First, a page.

Should schools force children to change their diets?

  • Yes, they should.

    I believe children being extremely overweight is a form of child abuse, just as being extremely underweight and malnourished would be. You are making your child unhealthy and unfit and causing them huge numbers of health related problems by overfeeding your child. If the parents aren't handling this particular situation correctly, then the schools should. Just as they would if a child was severely underweight. (And no, I am not talking about teenagers here. I am talking about CHILDREN under the age of 12.)

  • Why shouldn't they?

    Many children do not get fed healthily at home. Schools should use the influence that they have to encourage students to develop an interest in eating well. Obesity in children is a form of parental neglect - sending information on healthy eating to parents could be of benefit. For those children whose parents do not feed them much at all (which is far too frequent for this day and age) it's worthwhile making sure that the meal they get given at school is as nutritionally beneficial as possible to them.

  • It will benefit everybody

    If everyone helps the children with their diet, they will eventually begin to eat healthy. If a parent doesn't have time or just cant raise his/her children, then someone else need to take the parents place. The schools will be the best choice. If the school choose to change the food they have, they will get smartere children. Scientist have proven that people get smartere with healthy food. It will benefit everybody.

  • It's Too Extreme

    What happens when the school takes away a kid's lunch from home and gives them a school made one? I've known that to happen. The end result is that the kid doesn't eat. The kid in question had the healthiest lunch he would eat, and they forced him to buy their so-called "healthy" food (which he threw away). From experience, I can say that school lunches are NOT healthy by any stretch of the imagination. Fast foods are often healthier than the sugary, fatty fare offered here. (And I mean sugar added to salty things to improve flavor, as you see with fast food). Money is an issue; they schools often get worse deals that most businesses or consumers because they have deals with companies that often short schools. I would never call our food here healthy, even if you do have the option to buy vegetables. Adding veggies on top of an unhealthy diet doesn't resolve the issue. Also, I don't think public schools should be able to force you to eat; that sounds too much like prison. Our children are already under enough compulsion in school--to restrict their diet as if they were in jail is just to turn them off of healthy foods for life.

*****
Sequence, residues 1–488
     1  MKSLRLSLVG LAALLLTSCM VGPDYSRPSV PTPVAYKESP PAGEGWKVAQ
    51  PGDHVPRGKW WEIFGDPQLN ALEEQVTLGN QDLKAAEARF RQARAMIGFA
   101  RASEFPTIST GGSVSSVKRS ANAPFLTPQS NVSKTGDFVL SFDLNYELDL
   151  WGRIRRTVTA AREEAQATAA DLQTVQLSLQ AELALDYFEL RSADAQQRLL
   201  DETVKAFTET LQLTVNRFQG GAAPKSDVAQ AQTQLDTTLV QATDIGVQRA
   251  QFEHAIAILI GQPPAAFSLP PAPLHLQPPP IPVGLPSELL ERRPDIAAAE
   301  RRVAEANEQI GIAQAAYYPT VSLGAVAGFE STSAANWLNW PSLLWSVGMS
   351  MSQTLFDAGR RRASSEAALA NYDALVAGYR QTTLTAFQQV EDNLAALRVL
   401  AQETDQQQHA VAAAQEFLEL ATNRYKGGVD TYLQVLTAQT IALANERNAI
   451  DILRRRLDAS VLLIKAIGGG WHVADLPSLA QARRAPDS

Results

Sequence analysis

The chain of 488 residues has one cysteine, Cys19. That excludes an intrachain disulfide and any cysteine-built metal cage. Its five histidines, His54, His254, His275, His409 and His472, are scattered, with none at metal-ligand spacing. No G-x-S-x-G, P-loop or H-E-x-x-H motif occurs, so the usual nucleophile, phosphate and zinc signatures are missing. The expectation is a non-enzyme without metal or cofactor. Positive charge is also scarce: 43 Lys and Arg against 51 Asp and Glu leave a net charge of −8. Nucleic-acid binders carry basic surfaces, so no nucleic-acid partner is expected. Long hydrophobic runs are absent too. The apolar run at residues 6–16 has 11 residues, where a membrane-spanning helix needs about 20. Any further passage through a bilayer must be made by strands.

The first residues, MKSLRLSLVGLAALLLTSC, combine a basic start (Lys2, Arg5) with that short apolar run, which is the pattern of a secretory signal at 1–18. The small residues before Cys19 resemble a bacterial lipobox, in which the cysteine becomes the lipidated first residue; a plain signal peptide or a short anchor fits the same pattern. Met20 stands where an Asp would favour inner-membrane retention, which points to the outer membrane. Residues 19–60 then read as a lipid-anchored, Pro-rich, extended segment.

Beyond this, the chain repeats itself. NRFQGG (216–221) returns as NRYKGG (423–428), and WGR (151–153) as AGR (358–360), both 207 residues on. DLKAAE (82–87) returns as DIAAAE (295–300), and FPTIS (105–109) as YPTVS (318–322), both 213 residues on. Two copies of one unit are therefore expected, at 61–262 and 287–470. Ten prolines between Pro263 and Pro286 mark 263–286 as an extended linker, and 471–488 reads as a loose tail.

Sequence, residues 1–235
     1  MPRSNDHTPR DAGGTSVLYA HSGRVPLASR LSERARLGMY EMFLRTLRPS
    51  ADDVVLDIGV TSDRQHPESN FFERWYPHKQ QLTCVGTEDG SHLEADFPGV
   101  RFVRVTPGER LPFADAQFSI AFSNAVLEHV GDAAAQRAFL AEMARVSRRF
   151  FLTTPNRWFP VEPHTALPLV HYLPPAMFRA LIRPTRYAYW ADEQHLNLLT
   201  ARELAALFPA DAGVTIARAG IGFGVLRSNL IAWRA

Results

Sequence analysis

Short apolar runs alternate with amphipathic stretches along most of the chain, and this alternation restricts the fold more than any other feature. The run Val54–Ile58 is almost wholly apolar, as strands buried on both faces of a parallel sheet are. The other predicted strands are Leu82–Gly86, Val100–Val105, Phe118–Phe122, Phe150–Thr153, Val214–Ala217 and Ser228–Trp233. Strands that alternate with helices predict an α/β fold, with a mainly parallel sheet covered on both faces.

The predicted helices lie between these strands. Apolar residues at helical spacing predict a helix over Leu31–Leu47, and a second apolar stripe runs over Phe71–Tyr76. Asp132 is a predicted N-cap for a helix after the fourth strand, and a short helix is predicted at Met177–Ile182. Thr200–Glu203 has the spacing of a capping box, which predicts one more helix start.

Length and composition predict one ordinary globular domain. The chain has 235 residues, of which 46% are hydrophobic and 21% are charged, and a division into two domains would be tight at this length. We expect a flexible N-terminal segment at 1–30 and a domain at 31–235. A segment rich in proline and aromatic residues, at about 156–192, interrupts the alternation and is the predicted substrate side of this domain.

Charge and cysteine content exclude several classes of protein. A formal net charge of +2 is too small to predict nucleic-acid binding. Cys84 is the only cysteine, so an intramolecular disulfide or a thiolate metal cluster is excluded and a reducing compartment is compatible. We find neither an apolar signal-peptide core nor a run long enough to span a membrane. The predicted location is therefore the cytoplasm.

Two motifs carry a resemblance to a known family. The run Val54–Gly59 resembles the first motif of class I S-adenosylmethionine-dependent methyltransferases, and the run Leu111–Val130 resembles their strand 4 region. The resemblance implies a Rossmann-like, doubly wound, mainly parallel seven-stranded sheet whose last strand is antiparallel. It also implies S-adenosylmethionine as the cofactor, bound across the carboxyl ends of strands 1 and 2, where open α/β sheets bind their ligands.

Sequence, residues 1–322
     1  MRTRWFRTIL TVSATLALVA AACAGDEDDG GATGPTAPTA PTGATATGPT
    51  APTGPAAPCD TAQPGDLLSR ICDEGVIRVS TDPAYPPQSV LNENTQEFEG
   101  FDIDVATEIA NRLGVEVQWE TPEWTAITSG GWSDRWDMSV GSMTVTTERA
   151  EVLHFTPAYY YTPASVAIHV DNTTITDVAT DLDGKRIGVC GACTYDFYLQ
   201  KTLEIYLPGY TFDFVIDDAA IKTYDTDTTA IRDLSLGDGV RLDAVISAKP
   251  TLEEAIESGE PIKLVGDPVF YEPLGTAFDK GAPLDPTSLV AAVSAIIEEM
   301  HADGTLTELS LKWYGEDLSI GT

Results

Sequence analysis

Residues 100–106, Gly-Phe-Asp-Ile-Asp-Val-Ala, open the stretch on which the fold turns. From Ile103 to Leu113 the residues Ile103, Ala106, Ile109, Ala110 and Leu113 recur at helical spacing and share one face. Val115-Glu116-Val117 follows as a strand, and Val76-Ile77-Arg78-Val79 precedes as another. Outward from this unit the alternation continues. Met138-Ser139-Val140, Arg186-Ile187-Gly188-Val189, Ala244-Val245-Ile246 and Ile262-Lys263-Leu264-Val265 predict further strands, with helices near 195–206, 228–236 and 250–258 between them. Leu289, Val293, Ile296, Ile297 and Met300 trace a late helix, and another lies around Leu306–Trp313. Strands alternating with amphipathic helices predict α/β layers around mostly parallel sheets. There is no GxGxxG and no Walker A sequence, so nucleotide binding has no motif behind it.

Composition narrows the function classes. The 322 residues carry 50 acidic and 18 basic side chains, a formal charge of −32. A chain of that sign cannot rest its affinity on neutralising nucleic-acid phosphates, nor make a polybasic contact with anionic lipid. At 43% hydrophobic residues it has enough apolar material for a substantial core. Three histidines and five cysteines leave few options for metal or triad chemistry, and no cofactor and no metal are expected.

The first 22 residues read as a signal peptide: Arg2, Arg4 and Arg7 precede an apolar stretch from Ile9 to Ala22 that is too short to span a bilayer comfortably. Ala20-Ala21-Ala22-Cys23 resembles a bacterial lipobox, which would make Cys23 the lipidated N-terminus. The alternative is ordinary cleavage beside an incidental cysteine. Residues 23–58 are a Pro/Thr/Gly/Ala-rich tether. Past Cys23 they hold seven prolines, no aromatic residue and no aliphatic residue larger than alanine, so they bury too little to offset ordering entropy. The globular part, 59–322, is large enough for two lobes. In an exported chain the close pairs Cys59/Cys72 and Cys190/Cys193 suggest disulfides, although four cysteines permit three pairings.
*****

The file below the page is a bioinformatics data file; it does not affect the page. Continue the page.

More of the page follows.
• It's not the school that should be telling the kids what to eat.

    I think that this is just a terrible idea. First, a school should not take any part in a child's personal life such as getting involved in their social life. I also think that changing a kids diet can lead to mood swings, eating disorders or changes in growth. Sending kids on a diet is basically saying that your fat and your not pretty or handsome. This can lead to stuff like anorexia because some kids will worry too much about how fat they are and stop eating altogether, which causes more harm then in the first place.

  • CAN schools force children to change their diets?

    A school can serve healthy food all day long, but unless they start confiscating healthy food and force feeding kids vegetables, changing school lunch composition will do little for public health. I went to school in the middle of the push for healthier school lunches and I saw more kids packing unhealthy lunches and throwing away the health food the cafeteria workers put on their trays. Buying food that is destined for the dumpster is a leech on education spending. The money used to buy organic food other healthier alternatives would be better spent on educational programs that will actually help students become successful adults.

  • It's The Parent's Job

    Parents need to care for their own child. If a student's health is being effected by the school's food plan, then the parent should simply switch to making their child's lunch. I know that schools have been changing things here and there in their lunch plans, but to change an entire menu of foods will make more of a hassle and may cost more.

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